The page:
Zero-inflated negative binomial (ZINB) distribution as a reconstruction loss.

The output of the ZINB distribution as the probability that a count of a given cell/gene came from a ZINB distribution parameterized by a certain mean, dispersion, and dropout rate. Meaning that in order to parameterize the distribution our network needs to come up with three outputs (mean, dispersion, and dropout) instead of just a single set of outputs, as you would need when using MSE as a reconstruction loss.

scDCC solves this by adding three separate output layers. The activations of these layers are then used to parameterize the ZINB distributions, which return the probability that a cell count was produced by said distribution. The ZINB loss function then attempts to maximize this probability by using the negative log likelihood of this probability as a loss function.

Description of how ZINB loss is applied in scDCC. Note: we ignore constraint loss for the purpose of this post.

So that's one portion of the loss function, now we describe clustering loss.

Clustering loss

Before I get into the details of the clustering loss, it's worth noting that while DESC and scDCC apply the same clustering loss function, they do so in slightly different ways. DESC first trains the autoencoder by minimizing reconstruction loss only, and then remove the entire decoder portion of the network and trains exclusively on clustering loss applied to the the outputs of the embedding layer. scDCC, like DESC, will first pretrain the autoencoder solely on expression loss, but it will then incorporate clustering loss and reconstruction loss in the same overall loss function while it continues to train the network.

DESC clustering loss is applied after the decoder is removed.

Before diving into the details of clustering loss, why do we need it in the first place? Let us take a moment to visualize the latent space (i.e. cell embeddings) of our autoencoder in multi-dimensional space.

Visualization of the cell embeddings generated by the autoencoder optimized on reconstruction loss only.

We want the cell embeddings to be as close as possible for similar cells, while being as far away as possible for differing cells. Imagine we have three clusters, whose centroids are represented by hexagons below. Ideally, our clustering loss function will drive the cells of the three clusters as close to the centroids as possible, and away from cells belonging to neighboring clusters.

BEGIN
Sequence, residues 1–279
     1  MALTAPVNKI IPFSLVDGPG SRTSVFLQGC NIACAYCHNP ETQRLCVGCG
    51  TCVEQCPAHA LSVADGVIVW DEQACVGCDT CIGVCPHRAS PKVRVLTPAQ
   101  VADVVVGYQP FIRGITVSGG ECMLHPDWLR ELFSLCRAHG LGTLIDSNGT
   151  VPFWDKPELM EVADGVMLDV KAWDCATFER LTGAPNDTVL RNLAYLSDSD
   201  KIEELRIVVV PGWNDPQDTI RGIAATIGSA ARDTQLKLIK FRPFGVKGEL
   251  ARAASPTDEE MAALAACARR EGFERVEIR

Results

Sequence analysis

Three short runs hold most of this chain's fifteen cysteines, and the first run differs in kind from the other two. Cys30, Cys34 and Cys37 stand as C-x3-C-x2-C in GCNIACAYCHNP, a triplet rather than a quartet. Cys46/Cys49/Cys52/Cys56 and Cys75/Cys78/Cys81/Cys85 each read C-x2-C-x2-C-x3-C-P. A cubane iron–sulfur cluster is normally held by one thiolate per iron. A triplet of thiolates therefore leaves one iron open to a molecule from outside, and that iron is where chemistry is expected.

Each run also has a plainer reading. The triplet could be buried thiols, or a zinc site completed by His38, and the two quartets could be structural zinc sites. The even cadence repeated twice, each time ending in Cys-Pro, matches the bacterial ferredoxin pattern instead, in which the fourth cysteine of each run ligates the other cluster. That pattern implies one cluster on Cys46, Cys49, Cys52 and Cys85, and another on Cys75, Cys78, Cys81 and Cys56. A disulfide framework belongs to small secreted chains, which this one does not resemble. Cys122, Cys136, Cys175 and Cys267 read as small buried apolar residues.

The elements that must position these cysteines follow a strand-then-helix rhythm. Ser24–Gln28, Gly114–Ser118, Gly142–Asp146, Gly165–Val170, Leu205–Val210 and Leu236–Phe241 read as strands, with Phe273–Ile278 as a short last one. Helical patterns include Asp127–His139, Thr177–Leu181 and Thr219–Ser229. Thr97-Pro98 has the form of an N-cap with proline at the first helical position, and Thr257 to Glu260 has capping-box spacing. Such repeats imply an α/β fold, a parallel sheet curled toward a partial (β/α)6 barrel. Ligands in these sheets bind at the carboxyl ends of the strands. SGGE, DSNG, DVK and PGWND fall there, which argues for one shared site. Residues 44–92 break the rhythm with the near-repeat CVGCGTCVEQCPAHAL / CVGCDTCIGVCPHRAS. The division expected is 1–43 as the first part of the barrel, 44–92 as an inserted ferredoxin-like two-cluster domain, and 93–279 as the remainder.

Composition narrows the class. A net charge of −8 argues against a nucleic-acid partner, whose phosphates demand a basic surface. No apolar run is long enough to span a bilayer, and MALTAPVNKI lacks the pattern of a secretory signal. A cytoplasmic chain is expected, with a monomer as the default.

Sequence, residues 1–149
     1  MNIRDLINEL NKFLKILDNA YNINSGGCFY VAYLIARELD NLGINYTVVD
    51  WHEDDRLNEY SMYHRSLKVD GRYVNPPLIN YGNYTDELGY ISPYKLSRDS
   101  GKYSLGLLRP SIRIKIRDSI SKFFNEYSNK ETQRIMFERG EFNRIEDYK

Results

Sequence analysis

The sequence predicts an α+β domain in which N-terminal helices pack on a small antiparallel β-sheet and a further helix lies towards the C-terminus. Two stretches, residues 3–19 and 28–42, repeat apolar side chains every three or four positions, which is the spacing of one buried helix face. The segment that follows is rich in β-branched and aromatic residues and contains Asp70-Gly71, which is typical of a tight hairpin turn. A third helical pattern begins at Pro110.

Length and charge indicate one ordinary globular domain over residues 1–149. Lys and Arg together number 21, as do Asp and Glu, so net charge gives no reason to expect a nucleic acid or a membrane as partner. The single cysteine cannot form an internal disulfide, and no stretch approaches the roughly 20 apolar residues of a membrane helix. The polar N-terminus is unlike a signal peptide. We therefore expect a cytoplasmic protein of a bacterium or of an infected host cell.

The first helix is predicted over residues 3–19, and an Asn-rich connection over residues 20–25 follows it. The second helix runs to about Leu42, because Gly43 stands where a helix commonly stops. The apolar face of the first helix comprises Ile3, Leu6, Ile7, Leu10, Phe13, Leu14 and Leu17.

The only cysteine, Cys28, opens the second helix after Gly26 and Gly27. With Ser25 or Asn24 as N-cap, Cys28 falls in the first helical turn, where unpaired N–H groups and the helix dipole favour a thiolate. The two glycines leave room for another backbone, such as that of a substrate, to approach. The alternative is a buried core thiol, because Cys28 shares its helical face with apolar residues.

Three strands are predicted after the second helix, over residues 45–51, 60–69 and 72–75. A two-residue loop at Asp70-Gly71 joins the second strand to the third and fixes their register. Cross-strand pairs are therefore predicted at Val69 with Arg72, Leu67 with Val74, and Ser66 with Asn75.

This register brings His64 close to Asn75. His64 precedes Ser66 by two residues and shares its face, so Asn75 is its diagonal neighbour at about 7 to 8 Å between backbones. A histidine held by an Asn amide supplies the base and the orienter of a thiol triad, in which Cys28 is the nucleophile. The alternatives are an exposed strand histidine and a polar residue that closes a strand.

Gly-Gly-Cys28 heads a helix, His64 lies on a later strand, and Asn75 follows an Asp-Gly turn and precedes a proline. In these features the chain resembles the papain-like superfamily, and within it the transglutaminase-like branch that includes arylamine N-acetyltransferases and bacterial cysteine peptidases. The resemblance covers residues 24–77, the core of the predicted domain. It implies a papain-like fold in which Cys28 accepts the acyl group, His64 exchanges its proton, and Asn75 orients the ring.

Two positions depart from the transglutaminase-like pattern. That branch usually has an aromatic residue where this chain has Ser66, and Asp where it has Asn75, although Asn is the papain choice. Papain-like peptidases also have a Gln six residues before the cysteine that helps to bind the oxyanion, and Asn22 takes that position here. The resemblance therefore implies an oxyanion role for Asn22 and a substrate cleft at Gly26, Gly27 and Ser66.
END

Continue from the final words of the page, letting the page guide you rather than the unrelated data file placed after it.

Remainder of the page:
Visualization of an "ideal" clustering.

So how are these clusters initialized in the first place? For these methods, they are initialized from the cell embeddings generated by the pretrained autoencoders trained with only reconstruction loss. Then, when applied, the clustering loss function will drive the cells to aggregate around the centroids of these clusters.

The student's t distribution (first used for this type of clustering purpose in t-SNE), is used to measure similarity of a cell to a given cluster. In other words, the probability that a cell belongs to each cluster. This distribution is termed q. We then construct an "idealized" version of q that we call p. p is essentially just a sharpened version of q, meaning that cells that already have high probability of membership to a cluster will have even higher probability of membership, while clusters that are farther away will have even lower similarity scores. The total clustering loss is obtained by taking the KL divergence (a method for measuring the similarity of two distributions) between p and q. This has the effect of pushing q towards the idealized distribution p. Over the course of training this, in theory anyways, will result in better clusters.

Explanation of clustering loss function in DESC and scDCC.

So by including clustering loss in the overall loss function for the network we're more likely to see these nice properties in the cell embeddings generated from them.

There you have it, how autoencoders can be used to obtain cell embeddings with idealized clustering properties.

Hope you enjoyed the post. Cheers :)

1. DESC: https://www.nature.com/articles/s41467-020-15851-3
2. scDCC: https://www.nature.com/articles/s41467-021-22008-3
3. scGen: https://www.nature.com/articles/s41592-019-0494-8
4. scvis: https://www.nature.com/articles/s41467-018-04368-5